Main Text

pg 393 3.1

Enter Benvolio, Mercutio, and Mercutio's page

benvolio I prithee, good Mercutio, let's retire;

2The day is hot, the Capels are abroad.


mercutio Thou art like one of those that, when he comes into the Link 4confines of a tavern, claps me his rapier on the board and says, Link 5'God send me no need of thee'; and, by the operation of the next Link 6cup of wine, he draws it on the drawer, when indeed there is no 7need.


benvolio Am I like such a one?


mercutio Go to, thou art as hot a jack, being moved, and as soon 10moved to be moody, and as soon moody to be moved.


benvolio And what to?


mercutio Nay, an there were two such, we should have none 13shortly. Didst not thou fall out with a man for cracking nuts, Link 14having no other reason but because thou hadst hazel eyes? 15What eye but such an eye would have picked out such a quar- 16rel? With another for coughing, because he waked thy dog that 17lay asleep in the sun? With a tailor for wearing his new doublet 18before Easter, and with another for tying his new shoes with old 19ribbons? And yet thou wilt forbid me of quarrelling!


benvolio By my head, here comes a Capulet.

Enter Tybalt

mercutio By my heel, I care not.


tybalt Gentlemen, a word with one of you.


mercutio But one word with one of us? You had best couple it Link 24with somewhat, and make it a word and a blow.


tybalt I am apt enough to that if I have occasion.


mercutio Could you not take occasion?


tybalt Mercutio, thou consorts with Romeo.


mercutio 'Consort'! Zounds, 'consort'! The slave will make fid- 29dlers of us. If you do, sirrah, look for nothing but discord, for 30here's my fiddlestick.

Enter Romeo
Editor’s Note31

tybalt Well, peace be with you, here comes my man.


mercutio But I'll be hanged if he wear your livery. Marry, go be 33fore into the field, and he may be your follower; so in that sense 34your worship may call him 'man'.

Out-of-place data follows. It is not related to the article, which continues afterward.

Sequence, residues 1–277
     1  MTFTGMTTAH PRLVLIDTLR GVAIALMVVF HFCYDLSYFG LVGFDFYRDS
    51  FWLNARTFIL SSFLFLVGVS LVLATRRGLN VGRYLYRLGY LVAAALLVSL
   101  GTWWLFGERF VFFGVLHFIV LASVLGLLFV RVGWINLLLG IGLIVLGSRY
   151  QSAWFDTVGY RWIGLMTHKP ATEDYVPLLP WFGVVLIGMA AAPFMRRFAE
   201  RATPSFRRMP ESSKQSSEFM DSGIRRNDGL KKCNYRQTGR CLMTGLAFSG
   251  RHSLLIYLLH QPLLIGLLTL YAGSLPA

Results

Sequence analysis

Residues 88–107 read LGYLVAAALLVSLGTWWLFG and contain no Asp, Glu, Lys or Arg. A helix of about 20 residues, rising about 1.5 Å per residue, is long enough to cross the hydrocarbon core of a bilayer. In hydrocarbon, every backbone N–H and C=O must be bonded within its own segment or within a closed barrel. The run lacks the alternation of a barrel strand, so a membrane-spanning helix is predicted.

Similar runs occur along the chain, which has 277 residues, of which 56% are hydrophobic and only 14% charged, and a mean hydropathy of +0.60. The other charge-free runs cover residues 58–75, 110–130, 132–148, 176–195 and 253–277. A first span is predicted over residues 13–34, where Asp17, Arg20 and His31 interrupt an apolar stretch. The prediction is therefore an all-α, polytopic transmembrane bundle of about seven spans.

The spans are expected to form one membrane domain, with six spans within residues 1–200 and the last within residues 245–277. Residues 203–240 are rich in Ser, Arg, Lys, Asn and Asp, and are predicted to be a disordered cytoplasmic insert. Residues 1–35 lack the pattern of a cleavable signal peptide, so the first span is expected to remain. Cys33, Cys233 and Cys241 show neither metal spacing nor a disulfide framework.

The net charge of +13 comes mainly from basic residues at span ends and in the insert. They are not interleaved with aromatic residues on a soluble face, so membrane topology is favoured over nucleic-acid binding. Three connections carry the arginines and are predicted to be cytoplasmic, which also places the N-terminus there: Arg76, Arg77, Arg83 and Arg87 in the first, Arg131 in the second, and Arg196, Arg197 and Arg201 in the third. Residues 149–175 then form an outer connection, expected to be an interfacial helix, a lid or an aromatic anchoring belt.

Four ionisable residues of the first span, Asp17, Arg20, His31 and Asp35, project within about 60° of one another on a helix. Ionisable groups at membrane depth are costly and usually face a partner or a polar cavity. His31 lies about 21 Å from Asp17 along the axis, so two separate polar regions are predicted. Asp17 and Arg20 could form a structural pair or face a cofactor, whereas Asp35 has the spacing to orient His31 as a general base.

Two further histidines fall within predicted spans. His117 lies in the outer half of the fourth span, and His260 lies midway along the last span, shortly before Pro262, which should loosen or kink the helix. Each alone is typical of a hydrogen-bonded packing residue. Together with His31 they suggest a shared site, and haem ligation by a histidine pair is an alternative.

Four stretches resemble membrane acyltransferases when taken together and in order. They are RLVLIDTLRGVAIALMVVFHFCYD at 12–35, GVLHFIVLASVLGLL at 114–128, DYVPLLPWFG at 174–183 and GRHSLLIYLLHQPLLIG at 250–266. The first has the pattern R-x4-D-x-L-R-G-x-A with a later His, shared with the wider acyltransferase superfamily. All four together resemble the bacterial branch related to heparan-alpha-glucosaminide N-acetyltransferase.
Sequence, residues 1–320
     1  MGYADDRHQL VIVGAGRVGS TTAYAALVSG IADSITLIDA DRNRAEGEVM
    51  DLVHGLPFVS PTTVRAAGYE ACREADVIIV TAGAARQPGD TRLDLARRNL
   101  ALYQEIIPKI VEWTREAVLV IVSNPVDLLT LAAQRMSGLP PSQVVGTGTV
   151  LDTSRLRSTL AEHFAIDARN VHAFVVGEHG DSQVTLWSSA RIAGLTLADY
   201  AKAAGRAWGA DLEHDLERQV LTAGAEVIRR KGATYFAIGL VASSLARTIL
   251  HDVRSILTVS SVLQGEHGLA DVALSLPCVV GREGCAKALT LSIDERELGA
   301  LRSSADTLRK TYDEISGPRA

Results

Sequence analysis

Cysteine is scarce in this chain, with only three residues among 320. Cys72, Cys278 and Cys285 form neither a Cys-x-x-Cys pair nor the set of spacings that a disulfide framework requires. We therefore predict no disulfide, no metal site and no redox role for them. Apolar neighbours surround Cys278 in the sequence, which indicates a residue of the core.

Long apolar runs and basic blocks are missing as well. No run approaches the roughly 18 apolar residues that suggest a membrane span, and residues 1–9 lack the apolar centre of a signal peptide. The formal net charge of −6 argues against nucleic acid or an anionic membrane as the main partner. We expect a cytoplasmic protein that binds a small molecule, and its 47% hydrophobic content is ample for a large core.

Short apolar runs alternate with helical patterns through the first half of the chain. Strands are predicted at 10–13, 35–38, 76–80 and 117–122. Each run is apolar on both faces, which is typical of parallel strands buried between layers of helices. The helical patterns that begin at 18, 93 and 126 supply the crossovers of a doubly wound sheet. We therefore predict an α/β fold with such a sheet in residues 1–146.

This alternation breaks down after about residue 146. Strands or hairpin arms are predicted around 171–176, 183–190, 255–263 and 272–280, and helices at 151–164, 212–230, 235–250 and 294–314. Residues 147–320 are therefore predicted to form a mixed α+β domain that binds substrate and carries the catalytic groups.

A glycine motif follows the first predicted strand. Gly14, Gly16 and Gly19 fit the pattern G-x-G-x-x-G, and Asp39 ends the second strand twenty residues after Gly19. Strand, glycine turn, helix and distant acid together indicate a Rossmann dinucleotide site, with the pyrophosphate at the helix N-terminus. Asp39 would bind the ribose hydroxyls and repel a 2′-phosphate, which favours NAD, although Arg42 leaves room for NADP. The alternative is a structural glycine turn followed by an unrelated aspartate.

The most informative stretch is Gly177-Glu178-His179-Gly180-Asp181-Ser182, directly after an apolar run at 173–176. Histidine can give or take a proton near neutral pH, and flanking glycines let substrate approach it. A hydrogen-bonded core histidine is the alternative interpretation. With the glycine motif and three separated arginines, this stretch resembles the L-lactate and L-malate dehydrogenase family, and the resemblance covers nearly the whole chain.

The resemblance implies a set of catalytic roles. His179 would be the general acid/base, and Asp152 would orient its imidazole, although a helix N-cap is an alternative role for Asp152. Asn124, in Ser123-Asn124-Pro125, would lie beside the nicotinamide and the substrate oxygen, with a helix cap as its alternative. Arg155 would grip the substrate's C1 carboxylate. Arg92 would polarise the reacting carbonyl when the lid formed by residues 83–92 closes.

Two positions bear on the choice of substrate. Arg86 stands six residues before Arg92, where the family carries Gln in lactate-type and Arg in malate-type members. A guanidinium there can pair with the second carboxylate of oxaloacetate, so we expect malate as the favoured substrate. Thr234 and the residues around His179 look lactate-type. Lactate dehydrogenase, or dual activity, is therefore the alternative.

pg 394 35

tybalt Romeo, the hate I bear to thee can afford

36No better words than these: thou art a villain.


romeo Tybalt, the love I bear to thee

Link 38Doth excuse the appertaining rage

39To such a word. Villain am I none.

40Therefore I well perceive thou knowst me not.


tybalt Base boy, this cannot serve thy turn, and therefore draw.

Link 42

romeo I do protest I never injured thee,

Link 43But love thee better than thou canst devise

44Till thou shalt know the reason of my love.

Link 45

mercutio O dishonourable, vile submission!

46Alla stoccado carries it away.

Link 47You rat-catcher, come back, come back.


tybalt What wouldst with me?

Link 49

mercutio Nothing, king of cats, but borrow one of your nine 50lives. Therefore come draw your rapier out of your scabbard, 51lest mine be about your ears ere you be aware.


romeo Stay, Tybalt! Hold, Mercutio! Benvolio, beat down their 53weapons.

Tybalt stabs Mercutio under Romeo's arm and flies

mercutio Is he gone? Hath he nothing? A pox on your houses!


romeo What, art thou hurt, man? The wound is not deep.


mercutio No, not so deep as a well, not so wide as a barn-door, 57but it will serve, I warrant. What meant you to come between 58us? I was hurt under your arm.


romeo I did all for the best.

Editor’s Note Link 60

mercutio A pox of your houses, I am fairly dressed.

61Sirrah, go fetch me a surgeon.


page I go, my lord.


mercutio I am peppered for this world, I am sped i'faith. He hath Link 64made worms' meat of me. An ye ask for me tomorrow, you 65shall find me a grave man. A pox of your houses! I shall be 66fairly mounted upon four men's shoulders—for your house of 67the Montagues and the Capulets—and then some peasantly 68rogue, some sexton, some base slave shall write my epitaph: pg 39569That Tybalt came and broke the Prince's laws, 70And Mercutio was slain for the first and second cause.

71Where's the surgeon?


page (returning) He's come, sir.


mercutio Now he'll keep a-mumbling in my guts—on the other 74side—come, Benvolio, lend me thy hand. A pox of your 75houses! Exit Mercutio with Benvolio